The U.S. Food and Drug Administration, in partnership with other federal and international agencies, took action this week against websites that sell potentially dangerous, unapproved prescription drugs to U.S. consumers. The FDA and the U.S. Customs and Border Protection (CBP) also conducted extensive examinations at U.S.-based international mail facilities, where many packages containing prescription drugs enter the U.S., and found that most of the examined packages contained illegal prescription drugs that had been ordered from online sources.
These actions took place in support of the 7th annual International Internet Week of Action (IIWA) – May 13 to May 20, 2014 – sponsored by Interpol, and also known as Operation Pangea VII. During Operation Pangea VII, law enforcement, customs, and regulatory authorities from 111 countries collaborated to identify the makers and distributors of illegal drug products and medical devices that used the Internet to sell their products and remove these products from the supply chain.
Operation Pangea VII’s coordinated efforts at mail facilities resulted in the detention or seizure of 19,618 packages containing medicines purportedly from Australia, the United Kingdom (UK), New Zealand and Canada. These packages actually contained unapproved or suspected counterfeit drugs from other countries, such as India, China, Singapore, Taiwan, Mexico, Laos, Malaysia, as well as Australia, New Zealand and the UK.
The FDA and the CBP inspected packages at the mail facilities in Los Angeles, New York and Chicago, and detained or seized 583 packages. Preliminary findings show that certain drug products from abroad, such as insulin, estrogen, bimatoprost, human chorionic gonadotropin, tramadol, tadalafil and sildenafil citrate were on their way to U.S. consumers. The FDA also notified Internet service providers, domain name registrars and related organizations that 1,975 websites were selling products in violation of U.S. law.
“When consumers buy prescription drugs from outside the legitimate supply chain, they cannot know if the medicines they receive are counterfeit or even if they contain the right active ingredient in the proper dosages,” said Douglas Stearn, director of the FDA’s Office of Enforcement and Import Operations. “Consumers have little or no legal recourse if they experience a reaction to the unregulated medication or if they receive no therapeutic benefit at all. In addition to health risks, these pharmacies pose other risks to consumers, including credit card fraud, identity theft or computer viruses.”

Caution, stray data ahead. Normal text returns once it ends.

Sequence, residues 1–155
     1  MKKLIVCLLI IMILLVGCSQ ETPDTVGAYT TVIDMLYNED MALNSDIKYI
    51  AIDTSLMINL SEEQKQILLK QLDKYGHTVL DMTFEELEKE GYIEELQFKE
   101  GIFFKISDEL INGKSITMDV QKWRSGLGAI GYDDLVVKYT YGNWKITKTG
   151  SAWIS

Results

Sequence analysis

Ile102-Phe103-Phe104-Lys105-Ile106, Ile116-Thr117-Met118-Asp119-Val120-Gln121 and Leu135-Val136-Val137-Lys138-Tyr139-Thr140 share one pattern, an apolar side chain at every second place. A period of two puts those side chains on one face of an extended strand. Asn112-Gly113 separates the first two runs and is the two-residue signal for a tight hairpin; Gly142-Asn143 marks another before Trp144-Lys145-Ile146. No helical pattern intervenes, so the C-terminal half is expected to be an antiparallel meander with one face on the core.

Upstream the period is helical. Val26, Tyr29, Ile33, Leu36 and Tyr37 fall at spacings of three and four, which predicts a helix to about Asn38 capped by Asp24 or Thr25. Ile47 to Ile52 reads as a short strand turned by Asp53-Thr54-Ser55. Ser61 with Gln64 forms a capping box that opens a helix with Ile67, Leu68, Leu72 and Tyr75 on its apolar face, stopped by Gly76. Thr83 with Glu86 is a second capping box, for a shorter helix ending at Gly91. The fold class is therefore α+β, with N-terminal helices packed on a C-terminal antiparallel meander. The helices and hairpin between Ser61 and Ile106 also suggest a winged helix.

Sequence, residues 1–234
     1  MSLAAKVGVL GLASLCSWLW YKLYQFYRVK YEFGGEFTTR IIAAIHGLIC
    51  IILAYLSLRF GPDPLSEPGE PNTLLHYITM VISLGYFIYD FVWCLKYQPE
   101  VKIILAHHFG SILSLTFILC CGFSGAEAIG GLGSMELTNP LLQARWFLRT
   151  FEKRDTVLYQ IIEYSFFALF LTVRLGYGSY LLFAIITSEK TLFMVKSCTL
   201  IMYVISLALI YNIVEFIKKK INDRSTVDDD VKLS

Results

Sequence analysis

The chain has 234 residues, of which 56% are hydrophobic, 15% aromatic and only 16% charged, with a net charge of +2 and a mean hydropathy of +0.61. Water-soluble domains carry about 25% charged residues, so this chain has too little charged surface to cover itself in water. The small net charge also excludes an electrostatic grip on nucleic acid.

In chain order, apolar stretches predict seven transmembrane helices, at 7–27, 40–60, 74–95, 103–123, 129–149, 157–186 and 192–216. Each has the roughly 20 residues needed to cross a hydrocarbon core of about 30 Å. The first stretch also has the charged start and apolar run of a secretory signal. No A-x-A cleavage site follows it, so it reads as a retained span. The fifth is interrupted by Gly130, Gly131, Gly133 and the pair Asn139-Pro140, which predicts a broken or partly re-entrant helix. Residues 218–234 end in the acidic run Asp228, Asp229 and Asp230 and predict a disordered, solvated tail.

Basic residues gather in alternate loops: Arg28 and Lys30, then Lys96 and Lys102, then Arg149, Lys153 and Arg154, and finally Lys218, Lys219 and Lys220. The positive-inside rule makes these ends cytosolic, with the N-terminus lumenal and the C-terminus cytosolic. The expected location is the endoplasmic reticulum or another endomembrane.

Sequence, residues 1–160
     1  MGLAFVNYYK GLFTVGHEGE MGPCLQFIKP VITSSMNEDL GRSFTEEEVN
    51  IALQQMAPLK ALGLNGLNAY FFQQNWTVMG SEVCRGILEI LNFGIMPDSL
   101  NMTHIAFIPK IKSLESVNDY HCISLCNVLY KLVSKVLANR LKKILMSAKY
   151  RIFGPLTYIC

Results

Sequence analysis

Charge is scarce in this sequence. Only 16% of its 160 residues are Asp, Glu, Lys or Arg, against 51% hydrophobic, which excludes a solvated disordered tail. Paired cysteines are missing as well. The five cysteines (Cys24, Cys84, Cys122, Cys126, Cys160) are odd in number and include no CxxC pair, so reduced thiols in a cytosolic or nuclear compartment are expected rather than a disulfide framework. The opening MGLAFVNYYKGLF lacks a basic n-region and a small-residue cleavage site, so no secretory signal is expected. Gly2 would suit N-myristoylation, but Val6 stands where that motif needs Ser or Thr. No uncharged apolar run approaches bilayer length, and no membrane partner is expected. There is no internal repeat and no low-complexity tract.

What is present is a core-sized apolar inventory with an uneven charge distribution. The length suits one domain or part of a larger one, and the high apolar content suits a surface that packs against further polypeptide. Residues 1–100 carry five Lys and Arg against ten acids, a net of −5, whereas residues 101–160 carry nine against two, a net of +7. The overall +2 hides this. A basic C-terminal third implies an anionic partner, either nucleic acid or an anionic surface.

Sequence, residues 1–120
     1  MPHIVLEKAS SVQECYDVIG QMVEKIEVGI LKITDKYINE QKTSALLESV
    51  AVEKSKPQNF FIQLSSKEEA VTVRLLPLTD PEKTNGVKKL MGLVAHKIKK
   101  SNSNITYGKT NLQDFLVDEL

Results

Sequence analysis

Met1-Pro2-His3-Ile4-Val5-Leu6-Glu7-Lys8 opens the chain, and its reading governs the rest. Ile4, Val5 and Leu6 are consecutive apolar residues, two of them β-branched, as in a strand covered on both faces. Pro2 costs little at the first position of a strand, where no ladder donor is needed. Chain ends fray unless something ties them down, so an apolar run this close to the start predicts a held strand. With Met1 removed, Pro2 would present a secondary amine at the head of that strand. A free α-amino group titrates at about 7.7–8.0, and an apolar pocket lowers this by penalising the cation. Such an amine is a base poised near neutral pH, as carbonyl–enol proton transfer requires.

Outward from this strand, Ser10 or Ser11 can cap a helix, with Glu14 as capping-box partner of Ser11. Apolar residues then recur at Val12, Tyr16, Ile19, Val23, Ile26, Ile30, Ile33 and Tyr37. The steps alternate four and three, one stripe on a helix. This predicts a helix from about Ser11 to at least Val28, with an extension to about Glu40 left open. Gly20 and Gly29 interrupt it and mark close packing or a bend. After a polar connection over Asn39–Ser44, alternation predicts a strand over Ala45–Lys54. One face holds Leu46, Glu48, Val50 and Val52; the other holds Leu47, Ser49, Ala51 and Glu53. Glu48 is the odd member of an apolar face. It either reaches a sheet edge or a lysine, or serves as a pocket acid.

Investigations and operations such as Operation Pangea VII have revealed that many American consumers order medicines from online sources believing they will receive the same medicine as the U.S. approved version. These medicines, however, are often unapproved or counterfeit and from countries with less stringent manufacturing standards or regulatory controls. Many illegal online pharmacies purport to sell drugs identical to the U.S. approved versions to attract consumers but then send them unapproved, counterfeit or substandard versions.
“Many illegal online pharmacies use slick website templates and empty guarantees to convince U.S. consumers that the inexpensive drugs they sell are the exact same prescription drugs that are dispensed in the U.S.,” said Philip J. Walsky, acting director of the FDA’s Office of Criminal Investigations. “The FDA will continue to leverage our resources and strengthen our national and international partnerships to shed light on these Internet-based fraudulent activities which target consumers.”
The IIWA is a collaborative effort between the FDA, the U.S. Department of Homeland Security, National Intellectual Property Rights Coordination Center, Interpol, the World Customs Organization, the Permanent Forum of International Pharmaceutical Crime, Heads of Medicines Agencies Working Group of Enforcement Officers, the pharmaceutical industry, and national health and law enforcement agencies from 111 participating countries.